Transient Stability Analysis of a Power System Having Large Scale Wind Generation

Show simple item record Orenge, Roy Samwel 2018-02-12T07:15:10Z 2018-02-12T07:15:10Z 2018-02-12
dc.identifier.citation Orenge, 2014 en_US
dc.description.abstract Energy is one of the most important factors that continue to in uence the shape of civ- ilization in the 21st Century. The cost and availability of energy signi cantly impacts our quality of life, the health of national economies and the stability of our environment. In recent years there has been a signi cant global commitment to develop clean and al- ternative forms of energy resources. It is envisioned that by 2020, 10% of world energy demand will be supplied from renewable resources. It is expected that this gure will grow to 50% by 2050. Among renewable energy resources, wind generation technology has matured considerably. Wind is fairly distributed around the globe and therefore avail- able to everyone in the world. In the last decade, wind generation has been the fastest growing energy source globally. However more penetration of wind energy into existing power networks raises concern for power system operators and regulators. This research was aimed at carrying out transient stability analysis of a power system which has a large scale penetration of wind power. The Kenyan power system was used in this research. The proposed Lake Turkana Wind Project (LTWP) which is aimed at generating 300 MW of wind power forms the basis of the research. Analysis was carried out rst without the wind integration and then with wind integration. Comparison was carried out on the two commonly used wind generation technologies (SCIG and DFIG) to determine their e ect on the grid transient stability. This system was established and all the simulations and analysis carried out in the power system analysis tool DIgSILENT PowerFactory. The investigations were carried out with two excitation control con gurations; rst with man- iii ual excitation control only and secondly with excitation controlled by automatic voltage control (AVR) together with a power system stabilizer (PSS) Simulation results show that the inclusion of wind power from a DFIG based wind farm has less impact on transient stability of the Kenyan power system as compared to a SCIG based wind farm. The inclusion of the excitation controller improves system damping which enhances system transient stability. en_US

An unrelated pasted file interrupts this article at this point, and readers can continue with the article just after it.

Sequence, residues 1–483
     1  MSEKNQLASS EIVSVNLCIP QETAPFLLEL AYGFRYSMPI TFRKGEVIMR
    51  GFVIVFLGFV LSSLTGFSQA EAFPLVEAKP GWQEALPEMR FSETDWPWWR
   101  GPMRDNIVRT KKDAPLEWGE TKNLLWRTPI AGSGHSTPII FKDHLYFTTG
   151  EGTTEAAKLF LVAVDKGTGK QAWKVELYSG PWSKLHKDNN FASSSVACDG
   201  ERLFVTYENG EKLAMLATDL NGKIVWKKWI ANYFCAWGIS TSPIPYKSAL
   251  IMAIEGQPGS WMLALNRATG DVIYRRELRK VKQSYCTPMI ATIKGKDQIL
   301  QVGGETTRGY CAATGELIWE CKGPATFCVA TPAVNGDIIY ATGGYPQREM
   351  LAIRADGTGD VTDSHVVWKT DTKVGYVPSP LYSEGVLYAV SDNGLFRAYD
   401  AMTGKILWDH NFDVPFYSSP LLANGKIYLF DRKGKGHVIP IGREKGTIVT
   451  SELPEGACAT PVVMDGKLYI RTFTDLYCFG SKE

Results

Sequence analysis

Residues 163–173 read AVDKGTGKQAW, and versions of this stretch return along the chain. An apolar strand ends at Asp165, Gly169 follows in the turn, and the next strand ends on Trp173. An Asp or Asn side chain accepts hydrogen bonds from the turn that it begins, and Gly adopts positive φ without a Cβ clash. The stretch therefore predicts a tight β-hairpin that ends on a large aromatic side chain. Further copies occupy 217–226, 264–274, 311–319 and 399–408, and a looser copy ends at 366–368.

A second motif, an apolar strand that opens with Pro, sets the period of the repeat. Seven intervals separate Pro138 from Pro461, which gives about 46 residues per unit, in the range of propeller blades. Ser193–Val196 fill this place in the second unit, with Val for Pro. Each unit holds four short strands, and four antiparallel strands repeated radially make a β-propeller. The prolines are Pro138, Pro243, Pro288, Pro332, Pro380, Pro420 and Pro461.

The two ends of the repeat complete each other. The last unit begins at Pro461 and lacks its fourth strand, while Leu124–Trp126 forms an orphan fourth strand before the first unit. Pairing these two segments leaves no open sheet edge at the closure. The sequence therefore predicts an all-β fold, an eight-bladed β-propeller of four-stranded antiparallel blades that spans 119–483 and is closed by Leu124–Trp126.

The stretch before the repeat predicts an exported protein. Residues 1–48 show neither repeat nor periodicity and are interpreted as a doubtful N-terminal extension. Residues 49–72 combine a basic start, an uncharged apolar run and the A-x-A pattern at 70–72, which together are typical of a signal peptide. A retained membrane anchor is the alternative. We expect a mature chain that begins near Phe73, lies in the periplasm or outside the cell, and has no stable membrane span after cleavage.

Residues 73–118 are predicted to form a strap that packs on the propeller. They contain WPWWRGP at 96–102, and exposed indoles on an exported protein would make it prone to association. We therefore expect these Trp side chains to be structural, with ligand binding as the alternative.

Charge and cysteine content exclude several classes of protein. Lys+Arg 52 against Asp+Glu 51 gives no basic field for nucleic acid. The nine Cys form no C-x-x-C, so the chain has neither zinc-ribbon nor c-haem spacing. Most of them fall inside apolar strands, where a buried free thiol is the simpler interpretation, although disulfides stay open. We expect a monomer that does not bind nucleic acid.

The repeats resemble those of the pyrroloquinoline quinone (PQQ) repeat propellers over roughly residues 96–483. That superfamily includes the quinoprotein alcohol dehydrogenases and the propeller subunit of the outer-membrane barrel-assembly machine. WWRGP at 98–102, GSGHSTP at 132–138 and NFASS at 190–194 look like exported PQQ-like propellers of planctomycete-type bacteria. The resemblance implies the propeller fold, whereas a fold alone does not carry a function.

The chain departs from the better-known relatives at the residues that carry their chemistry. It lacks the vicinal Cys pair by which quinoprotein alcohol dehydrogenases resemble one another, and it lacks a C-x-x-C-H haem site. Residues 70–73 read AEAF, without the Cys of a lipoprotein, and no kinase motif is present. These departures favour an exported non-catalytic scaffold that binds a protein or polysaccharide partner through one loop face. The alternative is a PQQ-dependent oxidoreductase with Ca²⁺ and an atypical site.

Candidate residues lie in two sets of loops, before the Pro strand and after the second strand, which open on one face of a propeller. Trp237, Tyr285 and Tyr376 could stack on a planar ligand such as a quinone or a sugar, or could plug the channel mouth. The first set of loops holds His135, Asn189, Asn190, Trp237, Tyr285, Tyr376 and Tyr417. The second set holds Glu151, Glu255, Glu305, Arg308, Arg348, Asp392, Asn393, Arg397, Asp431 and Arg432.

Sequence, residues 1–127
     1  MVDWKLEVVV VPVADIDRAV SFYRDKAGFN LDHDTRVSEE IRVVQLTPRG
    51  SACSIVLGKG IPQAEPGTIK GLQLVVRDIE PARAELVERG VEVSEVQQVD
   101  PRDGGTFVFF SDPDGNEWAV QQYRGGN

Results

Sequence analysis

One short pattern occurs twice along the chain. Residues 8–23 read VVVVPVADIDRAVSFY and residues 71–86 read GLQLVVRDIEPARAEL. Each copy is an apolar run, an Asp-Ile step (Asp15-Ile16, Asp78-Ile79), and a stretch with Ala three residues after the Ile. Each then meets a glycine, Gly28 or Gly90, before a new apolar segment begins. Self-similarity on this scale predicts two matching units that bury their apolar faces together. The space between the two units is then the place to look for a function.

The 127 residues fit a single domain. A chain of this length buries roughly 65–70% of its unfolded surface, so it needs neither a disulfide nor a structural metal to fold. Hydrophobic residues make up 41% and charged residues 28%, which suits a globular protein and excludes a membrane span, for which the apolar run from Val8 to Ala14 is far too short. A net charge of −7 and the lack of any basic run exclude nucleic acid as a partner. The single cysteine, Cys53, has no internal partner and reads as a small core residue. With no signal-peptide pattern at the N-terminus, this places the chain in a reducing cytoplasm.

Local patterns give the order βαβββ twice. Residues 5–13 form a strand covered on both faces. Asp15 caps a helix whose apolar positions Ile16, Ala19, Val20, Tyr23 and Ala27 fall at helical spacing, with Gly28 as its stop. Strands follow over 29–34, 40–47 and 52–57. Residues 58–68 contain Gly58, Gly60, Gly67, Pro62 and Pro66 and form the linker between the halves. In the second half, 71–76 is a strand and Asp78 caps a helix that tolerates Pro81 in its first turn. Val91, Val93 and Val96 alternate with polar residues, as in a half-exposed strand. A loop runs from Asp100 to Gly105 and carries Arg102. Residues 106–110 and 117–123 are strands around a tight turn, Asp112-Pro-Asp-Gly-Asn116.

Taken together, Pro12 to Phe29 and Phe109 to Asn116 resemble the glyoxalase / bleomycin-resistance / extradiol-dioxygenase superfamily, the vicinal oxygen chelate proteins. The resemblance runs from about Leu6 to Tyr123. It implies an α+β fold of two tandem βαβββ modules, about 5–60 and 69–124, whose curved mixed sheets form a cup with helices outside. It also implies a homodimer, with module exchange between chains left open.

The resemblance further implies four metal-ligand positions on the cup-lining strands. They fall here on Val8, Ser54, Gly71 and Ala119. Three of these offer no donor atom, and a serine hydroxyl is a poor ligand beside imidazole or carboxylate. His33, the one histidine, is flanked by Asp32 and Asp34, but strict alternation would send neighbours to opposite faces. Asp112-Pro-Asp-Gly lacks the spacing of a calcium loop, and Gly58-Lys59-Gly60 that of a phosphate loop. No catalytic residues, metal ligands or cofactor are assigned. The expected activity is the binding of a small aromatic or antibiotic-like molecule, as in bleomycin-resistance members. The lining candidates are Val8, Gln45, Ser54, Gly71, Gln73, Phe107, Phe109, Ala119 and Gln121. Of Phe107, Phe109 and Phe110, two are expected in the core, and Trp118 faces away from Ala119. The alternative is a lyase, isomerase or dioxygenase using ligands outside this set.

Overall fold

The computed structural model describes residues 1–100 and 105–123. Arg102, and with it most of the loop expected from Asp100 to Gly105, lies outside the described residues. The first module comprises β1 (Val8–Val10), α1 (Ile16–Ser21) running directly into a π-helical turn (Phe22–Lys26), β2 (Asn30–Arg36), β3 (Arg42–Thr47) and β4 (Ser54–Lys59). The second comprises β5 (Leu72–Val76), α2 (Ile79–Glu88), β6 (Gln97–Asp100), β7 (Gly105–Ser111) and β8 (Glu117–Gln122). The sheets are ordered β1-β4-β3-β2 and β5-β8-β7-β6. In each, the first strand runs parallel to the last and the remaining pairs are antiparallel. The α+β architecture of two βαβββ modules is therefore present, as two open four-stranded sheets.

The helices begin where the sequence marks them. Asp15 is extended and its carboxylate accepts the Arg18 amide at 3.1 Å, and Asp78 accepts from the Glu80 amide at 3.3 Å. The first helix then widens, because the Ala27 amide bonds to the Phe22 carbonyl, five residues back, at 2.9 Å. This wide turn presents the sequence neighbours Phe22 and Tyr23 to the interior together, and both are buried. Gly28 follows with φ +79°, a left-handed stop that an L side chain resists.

dc.description.sponsorship Dr. C. Maina Muriithi Lecturer, Electrical and Electronic Engineering Department, JKUAT Prof. George Nyakoe Associate Professor, Electrical and Electronic Engineering, JKUAT en_US
dc.language.iso en en_US
dc.publisher JKUAT-PAUSTI en_US
dc.subject Transient Stability en_US
dc.subject Power System en_US
dc.subject Wind Generation en_US
dc.title Transient Stability Analysis of a Power System Having Large Scale Wind Generation en_US
dc.type Thesis en_US

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